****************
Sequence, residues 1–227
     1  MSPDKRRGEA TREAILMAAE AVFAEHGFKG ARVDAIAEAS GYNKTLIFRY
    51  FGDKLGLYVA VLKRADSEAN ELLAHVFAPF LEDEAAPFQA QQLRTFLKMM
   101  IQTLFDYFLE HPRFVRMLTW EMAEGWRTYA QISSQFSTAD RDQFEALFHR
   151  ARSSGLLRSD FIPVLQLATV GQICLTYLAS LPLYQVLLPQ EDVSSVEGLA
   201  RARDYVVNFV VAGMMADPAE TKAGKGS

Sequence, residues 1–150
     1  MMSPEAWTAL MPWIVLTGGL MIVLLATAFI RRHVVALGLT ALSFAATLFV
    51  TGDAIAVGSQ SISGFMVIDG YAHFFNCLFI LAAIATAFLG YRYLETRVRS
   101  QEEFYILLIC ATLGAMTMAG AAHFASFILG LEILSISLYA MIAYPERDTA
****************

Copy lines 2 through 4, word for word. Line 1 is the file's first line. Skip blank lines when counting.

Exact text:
     1  MSPDKRRGEA TREAILMAAE AVFAEHGFKG ARVDAIAEAS GYNKTLIFRY
    51  FGDKLGLYVA VLKRADSEAN ELLAHVFAPF LEDEAAPFQA QQLRTFLKMM
   101  IQTLFDYFLE HPRFVRMLTW EMAEGWRTYA QISSQFSTAD RDQFEALFHR